Blink: A rendering engine for the Chromium project


Google just announced it’ll fork Webkit for use with Chrome/Chromium as it has become too difficult to add features to it as Chrome uses quite a different multi-process architecture than other WebKit-based browsers:

When Chromium started, our goal was to change as little of WebKit as possible, easing integration with the WebKit codebase. With Blink we are excited to make large-scale architectural changes to the code, without having to worry about breaking other consumers of WebKit.

When Opera announced they’re dropping Presto in favor of Webkit, they actually meant Blink (src).

Blink →
Blink Announcement →

What is/isn’t Webkit?


Especially with the news that Opera has moved to WebKit, we have a lot of WebKit browsers out there, but its pretty hard to know what they share and where they part ways. So let’s take a moment to understand some things: What is WebKit? What isn’t WebKit? How is WebKit used by WebKit-based browsers? Why are all WebKits not the same?

Turns out there’s a truckload of things that are NOT shared between Webkit ports. Who’d’ve thunk?

Webkit for Developers →

Opera about to drop Presto in favor of Webkit


The writings were on the wall with Opera Ice but now it’s official: Opera will move to Webkit entirely:

To provide a leading browser on Android and iOS, this year Opera will make a gradual transition to the WebKit engine, as well as Chromium, for most of its upcoming versions of browsers for smartphones and computers.

Håkon Wium Lie’s (Opera’s CTO) reasoning:

It makes more sense to have our experts working with the open source communities to further improve WebKit and Chromium, rather than developing our own rendering engine further. Opera will contribute to the WebKit and Chromium projects, and we have already submitted our first set of patches: to improve multi-column layout.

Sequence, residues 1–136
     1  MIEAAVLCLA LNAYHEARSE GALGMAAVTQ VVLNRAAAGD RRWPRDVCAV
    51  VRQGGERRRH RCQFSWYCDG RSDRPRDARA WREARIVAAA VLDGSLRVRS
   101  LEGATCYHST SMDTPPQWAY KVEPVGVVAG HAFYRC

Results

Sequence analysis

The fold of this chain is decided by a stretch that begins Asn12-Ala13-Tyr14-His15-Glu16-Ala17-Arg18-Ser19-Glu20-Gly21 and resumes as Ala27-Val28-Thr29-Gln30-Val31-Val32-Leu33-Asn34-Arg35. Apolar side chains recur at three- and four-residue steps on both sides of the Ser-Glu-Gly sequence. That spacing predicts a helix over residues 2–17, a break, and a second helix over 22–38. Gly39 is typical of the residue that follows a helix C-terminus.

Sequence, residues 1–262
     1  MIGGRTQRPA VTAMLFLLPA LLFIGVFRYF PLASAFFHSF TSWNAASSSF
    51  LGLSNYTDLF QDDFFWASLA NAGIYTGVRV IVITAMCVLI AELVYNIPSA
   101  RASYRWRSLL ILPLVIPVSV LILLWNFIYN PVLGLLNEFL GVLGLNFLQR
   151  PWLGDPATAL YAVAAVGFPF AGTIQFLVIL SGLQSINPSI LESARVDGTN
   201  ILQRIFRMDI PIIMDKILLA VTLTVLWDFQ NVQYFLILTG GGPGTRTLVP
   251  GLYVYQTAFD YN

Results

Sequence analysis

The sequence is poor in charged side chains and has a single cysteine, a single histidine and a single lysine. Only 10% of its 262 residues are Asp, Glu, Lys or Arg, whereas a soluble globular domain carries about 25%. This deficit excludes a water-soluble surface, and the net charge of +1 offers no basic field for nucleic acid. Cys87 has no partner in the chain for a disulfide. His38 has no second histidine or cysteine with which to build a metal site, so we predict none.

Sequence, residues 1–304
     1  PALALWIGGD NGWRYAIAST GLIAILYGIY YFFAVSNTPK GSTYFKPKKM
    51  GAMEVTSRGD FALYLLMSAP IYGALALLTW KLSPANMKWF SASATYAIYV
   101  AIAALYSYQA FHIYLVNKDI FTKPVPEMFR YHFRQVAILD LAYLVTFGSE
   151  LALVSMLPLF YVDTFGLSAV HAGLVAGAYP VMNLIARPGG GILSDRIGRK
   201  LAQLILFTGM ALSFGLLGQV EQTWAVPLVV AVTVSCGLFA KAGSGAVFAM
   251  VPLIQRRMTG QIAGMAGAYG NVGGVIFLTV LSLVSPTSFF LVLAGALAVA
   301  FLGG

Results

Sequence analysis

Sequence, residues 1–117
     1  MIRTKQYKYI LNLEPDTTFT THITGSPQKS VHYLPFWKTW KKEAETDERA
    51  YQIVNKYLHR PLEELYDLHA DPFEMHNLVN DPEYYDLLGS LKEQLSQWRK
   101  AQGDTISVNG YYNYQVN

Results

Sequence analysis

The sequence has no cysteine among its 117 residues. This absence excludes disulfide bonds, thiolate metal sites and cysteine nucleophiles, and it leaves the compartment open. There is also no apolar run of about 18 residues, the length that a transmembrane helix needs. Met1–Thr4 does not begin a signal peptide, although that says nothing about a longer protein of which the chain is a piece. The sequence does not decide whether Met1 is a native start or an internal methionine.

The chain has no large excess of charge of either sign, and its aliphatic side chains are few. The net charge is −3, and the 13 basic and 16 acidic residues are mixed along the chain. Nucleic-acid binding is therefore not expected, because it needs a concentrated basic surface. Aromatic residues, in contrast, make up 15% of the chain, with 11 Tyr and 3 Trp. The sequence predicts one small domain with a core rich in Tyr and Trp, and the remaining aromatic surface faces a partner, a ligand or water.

Logic move, yet I do hope we won’t end up with only 1 rendering engine in the end (history better not be repeating itself).

Opera gears up at 300 million users →

iOS WebKit browsers and auto-zooming form controls

One thing about iOS browsers that can be pretty frustrating, both as a developer and as a user, is when you open a site on an iPhone or iPod Touch (not iPad) and want to enter some text in a text field or pick an option from a select menu. Very often the browser will automatically zoom in on the entire page a little when you tap the form control.

Roger Johansson found a way to prevent this kind of behavior

iOS WebKit browsers and auto-zooming form controls →

Opera Mobile Emulator with support for (some) -webkit vendor prefixes

Opera, along with Mozilla, announced at a CSS Working Group meeting that we would support some -webkit prefixes. This is because through our site compatibility work, we have experienced that many authors of (especially mobile) sites only use -webkit prefixed CSS, thereby ignoring other vendor prefixes and not even including an unprefixed equivalent. This leads to a reduced user experience on Opera and Firefox, which don’t receive the same shiny effects such as transitions, gradients and the like, even if the browser supported those effects.

They’ve made some beta (labs) builds of their mobile emulator supporting -webkit prefixes.

Opera Mobile Emulator Labs Builds →
Opera Mobile Emulator Labs supported -webkit properties →

Be sure to also read Faruk Ates’ two posts on the the topic.

CSS :nth-letter()

Adobe is working on implementing :nth-letter() in Webkit:

The desired syntax was :nth-letter(), where the argument would (ideally) take the same values that :nth-child() can (e.g, a simple index, even/odd, or an expression like 2n+4).

This code:

<p id="sentence">My fourth letter is awesome.</p>
#sentence:nth-letter(3) {
    color: red;
    font-family: "Comic Sans MS";
    font-size: 3em;
    font-weight: bold;

Results in this:

Whenever a final implementation lands, along with :nth-word() and the like, I guess we can say goodbye to lettering.js

Adobe WebKit Hackathon Summary →